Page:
That’s “imputation,” not “amputation.” It’s not a common word, so I’ll try to explain what it is, and what it has to do with our salvation.
I said a few days ago I wanted to sharpen our thinking on aspects of the doctrine of salvation, and wrote on the basis and cause of condemnation in relation to our pardon. This post looks at some of how it works, as revealed in Scripture.
A formal definition (Cambridge Dictionary) is “to say that someone is responsible for something that has happened, or that something is the cause of something else.” This modern non-technical usage differs little from “attribute” — saying something good or bad about a person. To “attribute motives” or “impute motives” is to say that you know what their motives are.
“Imputation” has technical meanings in statistics and modern law, but perhaps it will help to think of it as similar to an accounting term as we look at the way the Bible uses it. Something “imputed” is credited / charged to your account.
A few days ago, I paid a bill online. I was told the other bank received payment, but they could not yet confirm it was credited to my account. The payment was imputed (charged) against my current account immediately, but not yet imputed (credited) to the account being paid. That imputation (credit) did not take place until a few minutes later. My bill was not cleared, even though payment was made — it had to be imputed (credited) to clear the bill. (I once paid a bill on the due date, but it was not credited until the next day. I had to pay a late fee. It was not the payment, but its crediting / imputation, that mattered.)
This is not always understood by believers, but a wonderful aspect of our salvation is that the righteousness of God is credited, or imputed, to our account when we trust in Christ.
21 But now the righteousness of God without the law is manifested, being witnessed by the law and the prophets;
22 Even the righteousness of God which is by faith of Jesus Christ unto all and upon all them that believe: for there is no difference:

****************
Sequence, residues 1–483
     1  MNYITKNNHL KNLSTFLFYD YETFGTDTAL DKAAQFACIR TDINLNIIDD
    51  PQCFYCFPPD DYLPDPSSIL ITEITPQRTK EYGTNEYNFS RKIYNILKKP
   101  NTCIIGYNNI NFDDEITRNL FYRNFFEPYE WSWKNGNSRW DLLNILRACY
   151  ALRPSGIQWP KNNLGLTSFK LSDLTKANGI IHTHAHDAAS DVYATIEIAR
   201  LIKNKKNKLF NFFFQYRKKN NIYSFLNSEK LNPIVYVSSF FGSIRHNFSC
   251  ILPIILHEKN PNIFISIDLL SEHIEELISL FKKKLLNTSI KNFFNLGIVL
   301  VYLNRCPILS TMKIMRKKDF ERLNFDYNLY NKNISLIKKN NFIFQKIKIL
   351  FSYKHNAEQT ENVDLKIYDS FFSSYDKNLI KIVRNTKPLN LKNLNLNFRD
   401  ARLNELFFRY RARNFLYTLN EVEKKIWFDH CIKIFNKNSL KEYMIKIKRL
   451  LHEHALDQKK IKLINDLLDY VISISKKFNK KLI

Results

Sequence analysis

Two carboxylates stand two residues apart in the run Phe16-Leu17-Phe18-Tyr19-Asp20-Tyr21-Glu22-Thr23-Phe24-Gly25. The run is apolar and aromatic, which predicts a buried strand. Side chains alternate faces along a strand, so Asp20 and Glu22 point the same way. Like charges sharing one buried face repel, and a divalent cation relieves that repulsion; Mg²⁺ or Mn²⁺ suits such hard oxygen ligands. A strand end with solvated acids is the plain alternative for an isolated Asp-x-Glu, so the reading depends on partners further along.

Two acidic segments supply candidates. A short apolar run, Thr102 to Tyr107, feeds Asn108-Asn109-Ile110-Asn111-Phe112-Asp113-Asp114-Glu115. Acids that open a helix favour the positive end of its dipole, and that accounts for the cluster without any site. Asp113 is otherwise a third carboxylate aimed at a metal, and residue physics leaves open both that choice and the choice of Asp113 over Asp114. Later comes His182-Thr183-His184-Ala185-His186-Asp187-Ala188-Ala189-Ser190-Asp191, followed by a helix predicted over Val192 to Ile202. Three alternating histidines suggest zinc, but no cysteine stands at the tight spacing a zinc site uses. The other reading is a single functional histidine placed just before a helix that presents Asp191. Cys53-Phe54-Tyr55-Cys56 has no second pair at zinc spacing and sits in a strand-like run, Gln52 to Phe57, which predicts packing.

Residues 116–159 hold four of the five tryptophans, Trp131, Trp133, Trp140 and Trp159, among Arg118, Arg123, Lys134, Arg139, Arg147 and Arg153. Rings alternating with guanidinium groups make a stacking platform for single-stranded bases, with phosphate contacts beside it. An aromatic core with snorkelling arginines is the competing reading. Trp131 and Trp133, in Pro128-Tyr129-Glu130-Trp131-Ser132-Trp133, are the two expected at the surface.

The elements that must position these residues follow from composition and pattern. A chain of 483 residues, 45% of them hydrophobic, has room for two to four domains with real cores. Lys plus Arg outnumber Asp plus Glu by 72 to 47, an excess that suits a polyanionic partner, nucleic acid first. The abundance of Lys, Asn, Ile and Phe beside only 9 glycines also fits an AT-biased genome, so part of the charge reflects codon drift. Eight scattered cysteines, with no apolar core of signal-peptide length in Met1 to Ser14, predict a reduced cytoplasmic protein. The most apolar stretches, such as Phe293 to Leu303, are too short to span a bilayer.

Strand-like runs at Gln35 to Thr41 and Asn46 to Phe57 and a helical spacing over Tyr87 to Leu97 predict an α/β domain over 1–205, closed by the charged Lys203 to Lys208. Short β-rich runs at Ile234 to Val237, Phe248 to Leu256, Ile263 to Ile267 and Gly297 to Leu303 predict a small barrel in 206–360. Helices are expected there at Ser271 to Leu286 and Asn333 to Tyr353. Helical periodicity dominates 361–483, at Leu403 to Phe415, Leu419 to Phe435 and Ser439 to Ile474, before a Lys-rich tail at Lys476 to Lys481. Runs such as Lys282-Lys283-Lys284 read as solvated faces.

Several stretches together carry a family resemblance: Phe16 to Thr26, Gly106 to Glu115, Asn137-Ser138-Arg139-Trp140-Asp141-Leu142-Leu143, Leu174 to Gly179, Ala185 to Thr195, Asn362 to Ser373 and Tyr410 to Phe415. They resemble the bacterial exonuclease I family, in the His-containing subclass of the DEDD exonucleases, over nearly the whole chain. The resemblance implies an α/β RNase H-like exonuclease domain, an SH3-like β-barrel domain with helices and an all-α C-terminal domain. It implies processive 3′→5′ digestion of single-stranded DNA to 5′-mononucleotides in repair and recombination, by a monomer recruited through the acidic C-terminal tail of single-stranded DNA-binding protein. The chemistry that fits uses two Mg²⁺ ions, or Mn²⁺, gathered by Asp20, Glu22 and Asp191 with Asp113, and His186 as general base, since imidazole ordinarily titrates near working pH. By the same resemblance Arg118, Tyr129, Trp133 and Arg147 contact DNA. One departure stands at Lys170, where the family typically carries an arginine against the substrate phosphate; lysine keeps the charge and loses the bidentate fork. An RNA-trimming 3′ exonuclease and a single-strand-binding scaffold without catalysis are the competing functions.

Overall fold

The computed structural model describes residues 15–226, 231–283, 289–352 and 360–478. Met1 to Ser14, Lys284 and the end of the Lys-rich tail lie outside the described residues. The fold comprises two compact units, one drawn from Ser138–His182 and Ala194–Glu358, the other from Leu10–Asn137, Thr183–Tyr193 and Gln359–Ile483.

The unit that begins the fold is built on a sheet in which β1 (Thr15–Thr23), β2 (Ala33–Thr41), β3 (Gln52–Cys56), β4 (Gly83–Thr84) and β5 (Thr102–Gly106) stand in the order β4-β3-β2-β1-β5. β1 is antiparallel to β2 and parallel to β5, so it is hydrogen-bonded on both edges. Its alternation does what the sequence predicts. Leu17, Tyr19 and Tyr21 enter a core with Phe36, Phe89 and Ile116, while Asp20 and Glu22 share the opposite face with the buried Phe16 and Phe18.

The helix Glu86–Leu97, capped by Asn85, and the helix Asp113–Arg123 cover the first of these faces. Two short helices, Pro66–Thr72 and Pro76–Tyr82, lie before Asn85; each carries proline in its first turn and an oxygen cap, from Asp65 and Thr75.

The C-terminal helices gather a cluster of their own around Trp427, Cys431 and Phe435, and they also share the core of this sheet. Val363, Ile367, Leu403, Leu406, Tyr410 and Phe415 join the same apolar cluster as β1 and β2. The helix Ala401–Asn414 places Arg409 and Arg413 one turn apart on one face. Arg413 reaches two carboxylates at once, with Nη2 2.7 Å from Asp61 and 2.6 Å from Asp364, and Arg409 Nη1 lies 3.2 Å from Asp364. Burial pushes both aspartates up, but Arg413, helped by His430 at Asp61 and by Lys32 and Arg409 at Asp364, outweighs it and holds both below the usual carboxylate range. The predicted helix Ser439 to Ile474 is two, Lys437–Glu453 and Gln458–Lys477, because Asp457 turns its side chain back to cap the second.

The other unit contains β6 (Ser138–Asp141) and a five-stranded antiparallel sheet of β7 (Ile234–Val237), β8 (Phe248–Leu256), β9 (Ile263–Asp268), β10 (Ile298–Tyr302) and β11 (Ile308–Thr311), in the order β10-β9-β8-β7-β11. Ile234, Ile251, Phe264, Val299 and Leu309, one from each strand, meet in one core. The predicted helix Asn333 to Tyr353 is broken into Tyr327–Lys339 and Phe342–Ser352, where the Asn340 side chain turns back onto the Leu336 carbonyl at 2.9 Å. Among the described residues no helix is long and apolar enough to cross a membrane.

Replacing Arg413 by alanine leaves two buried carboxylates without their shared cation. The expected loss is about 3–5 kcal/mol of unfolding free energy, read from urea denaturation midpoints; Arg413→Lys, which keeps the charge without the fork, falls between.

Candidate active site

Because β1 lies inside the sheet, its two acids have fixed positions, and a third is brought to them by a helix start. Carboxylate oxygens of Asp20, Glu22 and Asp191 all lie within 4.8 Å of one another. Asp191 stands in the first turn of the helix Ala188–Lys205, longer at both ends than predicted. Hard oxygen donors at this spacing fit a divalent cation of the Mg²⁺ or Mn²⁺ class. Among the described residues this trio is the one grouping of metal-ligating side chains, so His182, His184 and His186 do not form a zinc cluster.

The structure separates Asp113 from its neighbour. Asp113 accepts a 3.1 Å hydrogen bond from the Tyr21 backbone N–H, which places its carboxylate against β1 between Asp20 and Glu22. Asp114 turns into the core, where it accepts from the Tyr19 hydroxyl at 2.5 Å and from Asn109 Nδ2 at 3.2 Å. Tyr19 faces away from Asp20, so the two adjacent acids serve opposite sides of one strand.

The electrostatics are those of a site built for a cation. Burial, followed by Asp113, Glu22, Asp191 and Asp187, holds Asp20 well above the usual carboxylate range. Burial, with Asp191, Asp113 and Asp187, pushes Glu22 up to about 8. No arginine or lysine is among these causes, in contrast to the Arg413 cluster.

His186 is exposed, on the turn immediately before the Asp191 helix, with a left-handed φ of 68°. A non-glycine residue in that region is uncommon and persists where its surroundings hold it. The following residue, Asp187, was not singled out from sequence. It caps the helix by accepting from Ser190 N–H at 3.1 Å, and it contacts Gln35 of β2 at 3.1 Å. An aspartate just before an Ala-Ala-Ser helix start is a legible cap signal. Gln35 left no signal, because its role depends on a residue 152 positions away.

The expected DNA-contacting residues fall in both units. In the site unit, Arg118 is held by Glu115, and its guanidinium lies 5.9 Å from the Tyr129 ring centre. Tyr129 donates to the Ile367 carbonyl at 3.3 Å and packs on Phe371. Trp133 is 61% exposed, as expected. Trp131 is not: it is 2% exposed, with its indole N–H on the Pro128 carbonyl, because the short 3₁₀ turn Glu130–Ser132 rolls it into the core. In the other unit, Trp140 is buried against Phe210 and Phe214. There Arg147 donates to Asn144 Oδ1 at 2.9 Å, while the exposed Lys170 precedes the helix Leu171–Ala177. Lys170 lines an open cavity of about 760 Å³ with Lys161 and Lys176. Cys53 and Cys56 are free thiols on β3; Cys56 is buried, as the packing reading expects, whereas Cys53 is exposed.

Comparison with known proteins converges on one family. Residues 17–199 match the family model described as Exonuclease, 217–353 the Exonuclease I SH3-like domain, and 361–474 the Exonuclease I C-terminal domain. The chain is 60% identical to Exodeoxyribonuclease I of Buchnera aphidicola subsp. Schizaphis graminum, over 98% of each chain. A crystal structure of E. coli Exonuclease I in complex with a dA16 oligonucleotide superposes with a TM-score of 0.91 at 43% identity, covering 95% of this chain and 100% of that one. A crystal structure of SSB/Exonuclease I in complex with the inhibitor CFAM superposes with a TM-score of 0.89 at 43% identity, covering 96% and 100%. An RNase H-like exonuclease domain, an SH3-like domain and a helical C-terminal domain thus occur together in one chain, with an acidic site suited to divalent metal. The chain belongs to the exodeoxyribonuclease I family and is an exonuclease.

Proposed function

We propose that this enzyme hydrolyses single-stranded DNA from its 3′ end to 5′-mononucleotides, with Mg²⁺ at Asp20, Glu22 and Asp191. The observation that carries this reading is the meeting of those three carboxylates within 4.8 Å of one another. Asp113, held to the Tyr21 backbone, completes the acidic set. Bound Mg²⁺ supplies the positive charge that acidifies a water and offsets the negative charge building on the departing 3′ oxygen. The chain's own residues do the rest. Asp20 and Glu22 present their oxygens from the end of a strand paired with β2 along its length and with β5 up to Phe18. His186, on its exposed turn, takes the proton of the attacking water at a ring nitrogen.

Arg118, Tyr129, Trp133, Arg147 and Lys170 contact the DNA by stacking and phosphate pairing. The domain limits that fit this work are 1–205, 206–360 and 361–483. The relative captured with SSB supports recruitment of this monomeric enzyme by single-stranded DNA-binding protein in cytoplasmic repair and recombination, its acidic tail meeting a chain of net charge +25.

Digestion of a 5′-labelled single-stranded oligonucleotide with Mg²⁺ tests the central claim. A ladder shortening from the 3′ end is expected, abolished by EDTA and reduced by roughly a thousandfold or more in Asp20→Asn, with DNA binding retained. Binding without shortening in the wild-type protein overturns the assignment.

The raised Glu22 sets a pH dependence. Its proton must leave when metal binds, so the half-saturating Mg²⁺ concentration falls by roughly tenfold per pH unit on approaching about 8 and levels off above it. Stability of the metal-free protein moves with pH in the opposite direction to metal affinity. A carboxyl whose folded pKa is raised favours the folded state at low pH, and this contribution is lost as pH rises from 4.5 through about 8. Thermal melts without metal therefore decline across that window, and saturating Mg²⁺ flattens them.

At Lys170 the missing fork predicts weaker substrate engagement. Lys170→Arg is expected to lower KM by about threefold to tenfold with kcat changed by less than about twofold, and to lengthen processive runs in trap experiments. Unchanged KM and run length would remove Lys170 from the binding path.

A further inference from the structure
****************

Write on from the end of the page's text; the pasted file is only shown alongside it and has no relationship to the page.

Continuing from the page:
This verse says God’s righteousness is not only “to” those who believe, but “upon” them. The righteousness of God was put on us when we trusted in Christ.
And be found in him, not having mine own righteousness, which is of the law, but that which is through the faith of Christ, the righteousness which is of God by faith:
Here Paul says that by faith he has / possesses the righteousness which comes from God. In Romans 4 we find this described more in accounting terms (counted, imputeth):
3 For what saith the scripture? Abraham believed God, and it was counted unto him for righteousness.
4 Now to him that worketh is the reward not reckoned of grace, but of debt.
5 But to him that worketh not, but believeth on him that justifieth the ungodly, his faith is counted for righteousness.
6 Even as David also describeth the blessedness of the man, unto whom God imputeth righteousness without works,
Trying to earn righteousness will never work, but belief is counted for righteousness, and God imputes (credits) righteousness to us. The previous chapter tells us which righteousness this is — the righteousness of God.
Not Just Removal of Sin
Sometimes, believers think that what Christ’s work can be summed up as removing our sin, but it is more than that.
II Corinthians 5:21
For he hath made him to be sin for us, who knew no sin; that we might be made the righteousness of God in him
“Who” in this verse refers to “him” (if anyone wants grammatical details I can explain in the comments). Jesus, who knew no sin, took our sins so He could take the punishment for them, and His righteousness is put on us. It is a straight-across transaction, sin for righteousness — but the righteousness of Jesus was more than just the absence of sin.
Think not that I am come to destroy the law, or the prophets: I am not come to destroy, but to fulfil.
Jesus did not merely avoid breaking the Old Testament Law, He completed the fullness of it. He completed every righteous requirement of the Law. This brings us to another verse which is sometimes only partially understood.
14 But John forbad him, saying, I have need to be baptized of thee, and comest thou to me?
15 And Jesus answering said unto him, Suffer it to be so now: for thus it becometh us to fulfil all righteousness. Then he suffered him.
Here, Jesus is talking about baptism, but expands to a larger principle. He came to fulfil all righteousness, not just the Law, but baptism and all other righteousness as well. His righteousness covered all the bases, not only avoiding every evil thing but completing every good thing — and it is credited to us.